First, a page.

Co-written with journeymen U.K. songwriter–producers Steve Mac and Johnny McDaid (the latter of Snow Patrol and dating Courteney Cox fame), the peppy and ingratiating “Shape of You” sounds like its own radio-ready insurance policy.* By Sheeran’s own admission, the song was not originally meant for him—upon writing it, he thought it better suited for Rihanna. (There’s yet another thing it shares with Sia’s “Cheap Thrills,” a No. 1 hit expressly written and actually rejected by Rih.) Categorically, “Shape” is a club-pop song, but because Sheeran is congenitally self-effacing, the lyric tries to have it both ways, clubgoer and wallflower, from the very first line: “The club isn't the best place to find a lover/ So the bar is where I go.” Like his friend Taylor Swift, who prizes her own awkwardness and carefully parcels out morsels of her gawky-girl persona, Sheeran knows where his appeal lies and orchestrates his ungainly relatability. As for the melody and arrangement, with its percolating, pasodoblelike clap beat and wall of chirpy harmonies, “Shape of You” will make a popular Pentatonix cover someday, maybe even before 2017 is over.
Speaking of insurance policies, Sheeran didn’t issue just one new single this month. He actually dropped two songs on the same day: “Shape” and “Castle on the Hill.” This is fairly unusual on the charts of the mid-2010s but was more common at various points throughout chart history—especially the mid-to-late ’60s, when the Beatles issued numerous “double-A-sided” singles (e.g., “We Can Work It Out”/”Day Tripper,” “Come Together”/“Something”), and the late ’00s, when iTunes incentivized superstars like Lil Wayne, Beyoncé, and T.I. to flood the zone with competing digital singles. The tactic worked brilliantly for Sheeran, who sees the pair of songs debut high, in chart firsts, on both sides of the Atlantic. In his homeland, “Shape” and “Castle” debut at Nos. 1 and 2 on the U.K. chart, a record; and over here, “Castle” arrives on the Hot 100 at No. 6 the same week “Shape” comes in at No. 1, the first time any artist has scored a pair of simultaneous U.S. top 10 debuts.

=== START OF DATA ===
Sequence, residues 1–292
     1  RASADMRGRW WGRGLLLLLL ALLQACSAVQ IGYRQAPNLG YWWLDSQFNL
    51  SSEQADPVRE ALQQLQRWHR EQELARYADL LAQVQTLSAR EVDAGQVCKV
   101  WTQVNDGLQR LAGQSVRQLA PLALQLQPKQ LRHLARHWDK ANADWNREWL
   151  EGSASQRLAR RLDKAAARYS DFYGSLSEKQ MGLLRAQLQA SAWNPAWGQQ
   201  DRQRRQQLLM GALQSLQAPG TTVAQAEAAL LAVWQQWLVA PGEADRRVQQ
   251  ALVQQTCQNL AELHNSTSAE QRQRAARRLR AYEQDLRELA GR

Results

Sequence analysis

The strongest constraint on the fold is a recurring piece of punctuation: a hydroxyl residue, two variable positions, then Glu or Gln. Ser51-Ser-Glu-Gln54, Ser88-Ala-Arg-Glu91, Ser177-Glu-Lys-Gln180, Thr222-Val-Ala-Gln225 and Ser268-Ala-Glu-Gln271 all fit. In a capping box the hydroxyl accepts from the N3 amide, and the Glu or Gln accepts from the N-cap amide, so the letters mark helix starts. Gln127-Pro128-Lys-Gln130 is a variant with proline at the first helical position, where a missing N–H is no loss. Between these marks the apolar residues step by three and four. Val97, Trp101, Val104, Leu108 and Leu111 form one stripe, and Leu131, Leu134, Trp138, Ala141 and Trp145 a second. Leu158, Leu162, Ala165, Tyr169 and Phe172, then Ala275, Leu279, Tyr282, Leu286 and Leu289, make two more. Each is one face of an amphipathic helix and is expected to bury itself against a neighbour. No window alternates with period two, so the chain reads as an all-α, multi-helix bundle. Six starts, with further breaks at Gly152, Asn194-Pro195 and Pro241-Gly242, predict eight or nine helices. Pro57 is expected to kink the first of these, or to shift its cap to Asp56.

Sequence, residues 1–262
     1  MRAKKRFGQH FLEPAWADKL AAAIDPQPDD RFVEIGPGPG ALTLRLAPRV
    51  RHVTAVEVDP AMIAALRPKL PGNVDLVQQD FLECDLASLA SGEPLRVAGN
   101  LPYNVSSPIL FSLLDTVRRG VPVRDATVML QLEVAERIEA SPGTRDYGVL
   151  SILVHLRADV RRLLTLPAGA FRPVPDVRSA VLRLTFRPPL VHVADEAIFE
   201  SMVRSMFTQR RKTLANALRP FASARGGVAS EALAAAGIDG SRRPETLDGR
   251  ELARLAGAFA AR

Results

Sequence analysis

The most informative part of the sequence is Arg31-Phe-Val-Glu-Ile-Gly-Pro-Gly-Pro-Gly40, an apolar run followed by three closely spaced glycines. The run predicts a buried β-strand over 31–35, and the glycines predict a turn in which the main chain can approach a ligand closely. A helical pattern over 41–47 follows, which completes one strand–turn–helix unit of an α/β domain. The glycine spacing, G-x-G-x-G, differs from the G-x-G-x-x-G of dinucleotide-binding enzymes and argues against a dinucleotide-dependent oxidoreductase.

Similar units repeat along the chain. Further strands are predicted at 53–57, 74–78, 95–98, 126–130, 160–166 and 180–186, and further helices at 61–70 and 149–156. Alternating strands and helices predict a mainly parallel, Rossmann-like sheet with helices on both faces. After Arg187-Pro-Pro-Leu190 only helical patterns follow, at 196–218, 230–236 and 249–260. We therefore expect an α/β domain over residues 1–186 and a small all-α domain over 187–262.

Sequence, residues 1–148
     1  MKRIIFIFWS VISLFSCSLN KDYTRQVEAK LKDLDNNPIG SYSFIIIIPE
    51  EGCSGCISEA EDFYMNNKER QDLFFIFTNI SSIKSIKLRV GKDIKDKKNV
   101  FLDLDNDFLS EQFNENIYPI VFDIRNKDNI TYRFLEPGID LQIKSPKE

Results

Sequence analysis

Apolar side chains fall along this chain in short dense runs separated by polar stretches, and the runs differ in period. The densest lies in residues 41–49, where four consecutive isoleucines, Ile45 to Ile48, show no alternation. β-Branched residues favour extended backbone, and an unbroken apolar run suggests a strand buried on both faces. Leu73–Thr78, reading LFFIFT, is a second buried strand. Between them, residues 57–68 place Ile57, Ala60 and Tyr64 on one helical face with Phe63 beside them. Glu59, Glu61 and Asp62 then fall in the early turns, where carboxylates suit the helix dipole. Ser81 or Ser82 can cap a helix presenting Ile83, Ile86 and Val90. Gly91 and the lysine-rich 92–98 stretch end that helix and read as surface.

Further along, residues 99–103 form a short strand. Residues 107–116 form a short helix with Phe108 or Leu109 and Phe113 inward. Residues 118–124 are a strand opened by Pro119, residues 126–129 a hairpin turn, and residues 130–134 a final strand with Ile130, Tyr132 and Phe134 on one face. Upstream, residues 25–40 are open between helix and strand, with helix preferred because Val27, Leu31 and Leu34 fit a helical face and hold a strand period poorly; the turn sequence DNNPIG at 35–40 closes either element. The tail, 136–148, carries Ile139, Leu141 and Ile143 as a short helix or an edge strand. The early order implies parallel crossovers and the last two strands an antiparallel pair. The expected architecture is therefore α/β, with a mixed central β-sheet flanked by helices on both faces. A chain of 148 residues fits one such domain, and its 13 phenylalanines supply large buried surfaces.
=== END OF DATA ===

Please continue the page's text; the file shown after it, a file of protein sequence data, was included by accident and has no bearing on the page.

It must be said that “Castle on the Hill” is much closer to Sheeran’s perceived idiom: a soaring, wistful pop-rock song reminiscent of U2, Coldplay, and recent hitmakers Bastille. It’s also a sturdier composition, if a somewhat duller recording, than “Shape,” which is more sonically eclectic but goofier. “Castle” is quite literally a hedged bet by Sheeran—Billboard reports that his team is promoting the song mainly to alternative and adult-hits radio formats, while “Shape” is being pushed to pop radio. (The two tracks lead off Sheeran’s forthcoming third album ÷, to be pronounced Divide—the follow-up to his prior discs +, aka Plus, and x, aka Multiply; one imagines Ed is postponing the day he must finally give an album the critic-baiting title Minus.) By dropping the two tracks together, Sheeran is flaunting his range and inviting comparison between his pop modes. But he’s also cleverly generating his own Sliding Doors alternate-universe vision of what his career might have looked like if he’d gone for the path we might expect from someone who looked the way he does—trying to compete with pleasant, middlebrow troubadours like David Gray rather than the likes of the Weeknd or the Justins.
But it’s “Shape of You,” the crasser, catchier of the two tracks, that wound up atop the hit parade. It will go down in history as Sheeran’s first No. 1 hit but probably not his legacy recording—much the way Bob Seger is remembered for many better songs before his only No. 1 “Shakedown” or Aerosmith famed for many classic jams besides the chart-topping “I Don’t Want to Miss a Thing.” Then again, “Thinking Out Loud,” which will likely be Sheeran’s publishing perennial, is a lot less energetic than “Shape of You,” and on the latter, Ed sounds like he’s not only … um, having a lot of sex, but having fun singing about it. I write a lot in this series about pop acts’ Imperial moments—the dominant period during which a hitmaker can get away with anything—and say what you will, Sheeran is making the most of his.
*Correction, Jan. 23, 2016: This post originally misspelled Courteney Cox's first name.
Oh, Saturday Night Live, Honey, No